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ARTsouthAFRICA 13.1 is the ‘Interview Issue.’ In it, we engage in conversation with a number of carefully selected artists, curators, writers and organisations who we know are truly committed to transformation, to changing perceptions about contemporary African art practice, and promoting the integration of communities that might otherwise not be exposed to the wealth of talent from the continent and the ways in which art can change lives. We published a number of excerpts and now present the full interview with Naima J. Keith, assistant curator at Studio Museum Harlem, New York City.

NKeith Headshot crop WEB
Image courtesy of the Naima J. Keith.
Is there such a thing as ‘African Art’? Does the label ‘African Art’ enable or limit artists from the continent? What qualifies an artist to call himself or herself an ‘African artist?’ Do you think the issues of labels and identity are still valid? Or is it old news?

In a recent interview, fellow curator and founder/ director of Centre for Contemporary Art, Lagos, Nigeria (CCA Lagos), Bisi Silva proclaimed, “There is no such thing as contemporary African art – there is only contemporary art from Africa.” as a curator primarily focused on themes of identity and conceptual practices in contemporary art, with a particular attention on artists of African descent, I completely agree. I truly believe that a nuanced engagement with the continent should prevail alternatively, and whatever that is, it should be first and foremost the artist’s choice. A geographical provenance should not be considered an aesthetic category.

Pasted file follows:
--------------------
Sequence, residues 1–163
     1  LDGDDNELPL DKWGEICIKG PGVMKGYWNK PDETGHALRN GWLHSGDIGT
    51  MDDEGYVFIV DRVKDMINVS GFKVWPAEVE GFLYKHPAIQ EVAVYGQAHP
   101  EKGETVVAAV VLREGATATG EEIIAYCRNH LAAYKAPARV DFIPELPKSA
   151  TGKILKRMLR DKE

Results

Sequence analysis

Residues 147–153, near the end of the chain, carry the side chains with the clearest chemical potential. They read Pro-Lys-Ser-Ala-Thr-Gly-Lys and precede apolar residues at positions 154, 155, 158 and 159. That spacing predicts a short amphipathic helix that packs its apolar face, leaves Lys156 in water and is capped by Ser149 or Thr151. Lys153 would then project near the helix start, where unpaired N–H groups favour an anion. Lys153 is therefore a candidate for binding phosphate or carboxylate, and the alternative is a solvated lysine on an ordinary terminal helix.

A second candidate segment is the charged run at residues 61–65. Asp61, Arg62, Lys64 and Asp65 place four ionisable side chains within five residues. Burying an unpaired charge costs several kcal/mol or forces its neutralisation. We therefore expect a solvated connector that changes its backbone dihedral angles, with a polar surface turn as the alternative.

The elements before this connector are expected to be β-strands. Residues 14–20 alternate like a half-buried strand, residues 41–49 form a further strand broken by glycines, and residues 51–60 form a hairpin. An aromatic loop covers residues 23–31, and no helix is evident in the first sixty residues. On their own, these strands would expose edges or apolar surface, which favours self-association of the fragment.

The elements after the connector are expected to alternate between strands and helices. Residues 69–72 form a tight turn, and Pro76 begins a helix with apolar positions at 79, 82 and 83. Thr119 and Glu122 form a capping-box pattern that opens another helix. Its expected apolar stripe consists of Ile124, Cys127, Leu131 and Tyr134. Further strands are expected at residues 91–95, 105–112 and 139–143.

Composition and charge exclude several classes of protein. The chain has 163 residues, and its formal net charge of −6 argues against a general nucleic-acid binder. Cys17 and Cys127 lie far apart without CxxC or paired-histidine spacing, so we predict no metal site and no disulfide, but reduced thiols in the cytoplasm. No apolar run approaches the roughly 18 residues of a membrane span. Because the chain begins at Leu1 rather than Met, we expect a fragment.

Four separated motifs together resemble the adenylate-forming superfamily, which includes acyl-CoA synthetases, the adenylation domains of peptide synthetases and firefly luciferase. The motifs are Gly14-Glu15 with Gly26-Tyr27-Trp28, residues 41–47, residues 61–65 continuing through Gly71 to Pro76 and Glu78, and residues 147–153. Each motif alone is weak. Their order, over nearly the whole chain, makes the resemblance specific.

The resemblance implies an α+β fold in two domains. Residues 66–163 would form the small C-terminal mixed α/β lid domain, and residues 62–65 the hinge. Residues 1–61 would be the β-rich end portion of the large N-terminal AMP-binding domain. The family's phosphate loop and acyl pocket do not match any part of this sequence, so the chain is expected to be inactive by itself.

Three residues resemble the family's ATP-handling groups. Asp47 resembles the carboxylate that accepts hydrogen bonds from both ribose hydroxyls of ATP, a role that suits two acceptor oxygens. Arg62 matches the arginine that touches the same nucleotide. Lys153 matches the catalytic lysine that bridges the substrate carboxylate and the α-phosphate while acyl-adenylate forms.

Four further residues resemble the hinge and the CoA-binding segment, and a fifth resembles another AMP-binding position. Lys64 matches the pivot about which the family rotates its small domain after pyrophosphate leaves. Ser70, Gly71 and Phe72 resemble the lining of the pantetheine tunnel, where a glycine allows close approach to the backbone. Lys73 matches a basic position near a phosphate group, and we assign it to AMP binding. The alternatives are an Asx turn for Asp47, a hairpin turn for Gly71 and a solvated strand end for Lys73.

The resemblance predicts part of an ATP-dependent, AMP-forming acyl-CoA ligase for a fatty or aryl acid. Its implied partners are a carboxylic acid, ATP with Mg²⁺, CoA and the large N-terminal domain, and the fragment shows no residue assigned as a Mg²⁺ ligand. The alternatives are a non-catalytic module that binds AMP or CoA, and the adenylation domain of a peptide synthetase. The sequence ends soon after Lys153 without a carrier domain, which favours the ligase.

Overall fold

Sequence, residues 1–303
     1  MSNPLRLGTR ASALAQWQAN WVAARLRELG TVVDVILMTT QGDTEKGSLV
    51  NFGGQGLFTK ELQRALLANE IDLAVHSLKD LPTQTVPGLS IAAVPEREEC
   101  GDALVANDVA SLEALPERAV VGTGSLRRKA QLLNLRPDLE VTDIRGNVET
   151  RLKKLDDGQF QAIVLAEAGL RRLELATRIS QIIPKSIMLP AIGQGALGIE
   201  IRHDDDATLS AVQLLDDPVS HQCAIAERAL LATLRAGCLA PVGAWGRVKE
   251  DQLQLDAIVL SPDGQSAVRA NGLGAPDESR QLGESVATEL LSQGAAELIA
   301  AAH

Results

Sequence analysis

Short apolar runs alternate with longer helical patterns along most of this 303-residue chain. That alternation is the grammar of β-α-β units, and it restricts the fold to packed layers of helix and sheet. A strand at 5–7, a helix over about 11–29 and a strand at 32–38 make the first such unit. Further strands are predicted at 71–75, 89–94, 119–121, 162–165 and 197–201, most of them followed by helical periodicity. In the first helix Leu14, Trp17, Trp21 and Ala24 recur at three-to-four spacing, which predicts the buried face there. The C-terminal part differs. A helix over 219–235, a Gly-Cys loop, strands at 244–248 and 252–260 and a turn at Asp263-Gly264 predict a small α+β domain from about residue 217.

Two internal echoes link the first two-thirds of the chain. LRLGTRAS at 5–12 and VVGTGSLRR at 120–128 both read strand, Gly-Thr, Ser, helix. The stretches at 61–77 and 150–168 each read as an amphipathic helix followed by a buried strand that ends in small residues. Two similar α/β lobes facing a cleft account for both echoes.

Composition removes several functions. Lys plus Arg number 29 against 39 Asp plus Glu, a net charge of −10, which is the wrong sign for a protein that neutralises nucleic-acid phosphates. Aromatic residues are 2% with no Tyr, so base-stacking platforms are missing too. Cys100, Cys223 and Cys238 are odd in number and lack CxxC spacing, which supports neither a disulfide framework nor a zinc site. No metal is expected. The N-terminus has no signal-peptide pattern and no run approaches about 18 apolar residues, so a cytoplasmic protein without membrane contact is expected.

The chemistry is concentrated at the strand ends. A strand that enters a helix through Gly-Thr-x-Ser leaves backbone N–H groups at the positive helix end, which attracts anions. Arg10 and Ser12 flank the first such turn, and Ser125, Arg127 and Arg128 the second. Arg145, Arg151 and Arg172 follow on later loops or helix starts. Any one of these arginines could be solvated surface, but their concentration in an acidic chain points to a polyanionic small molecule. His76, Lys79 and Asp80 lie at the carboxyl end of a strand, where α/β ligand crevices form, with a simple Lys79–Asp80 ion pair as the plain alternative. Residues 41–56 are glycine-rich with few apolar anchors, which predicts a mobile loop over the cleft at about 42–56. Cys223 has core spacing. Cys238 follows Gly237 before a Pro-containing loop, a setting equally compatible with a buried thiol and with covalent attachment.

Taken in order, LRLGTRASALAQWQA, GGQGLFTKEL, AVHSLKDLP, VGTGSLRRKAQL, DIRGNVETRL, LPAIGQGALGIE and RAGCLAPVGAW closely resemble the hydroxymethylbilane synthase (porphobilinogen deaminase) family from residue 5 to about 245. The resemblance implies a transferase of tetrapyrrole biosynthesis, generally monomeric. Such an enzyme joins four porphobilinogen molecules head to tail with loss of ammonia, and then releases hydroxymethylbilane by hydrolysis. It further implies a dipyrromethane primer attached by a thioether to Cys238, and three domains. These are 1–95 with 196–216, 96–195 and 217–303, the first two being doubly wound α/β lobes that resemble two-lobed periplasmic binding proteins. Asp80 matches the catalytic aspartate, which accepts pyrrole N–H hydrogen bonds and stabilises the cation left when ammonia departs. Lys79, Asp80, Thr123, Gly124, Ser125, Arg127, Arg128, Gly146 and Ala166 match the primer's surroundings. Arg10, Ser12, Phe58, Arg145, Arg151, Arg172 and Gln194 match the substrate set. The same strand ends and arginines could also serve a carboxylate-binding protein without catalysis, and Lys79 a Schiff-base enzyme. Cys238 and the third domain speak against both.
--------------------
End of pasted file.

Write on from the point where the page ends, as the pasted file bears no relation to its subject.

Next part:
Works by Europeans don’t always signify Europe. Nor does work by Americans always signify the US. Nobody asks them to be European or American artist as such. Africa is not the only conceptual context in which the artists there operate.

I think of Africanness in an expanded sense. To address the diaspora, one has to look to each specific circumstance. Ernest Mancoba, for instance, could not have developed his work in South Africa in the 1930s. He had to leave in 1938. Ibrahim El-Salahi left Sudan in 1954 to study at the Slade School in London. He returned home to be part of the revolution. Many artists left but decided to return, while others remain in the diaspora. The latter, together with artists of African descent, are African to me as long as they engage thematically and aesthetically with Africa. Sammy Baloji works in and about Congo. How can we question his authenticity just because he now lives in Brussels?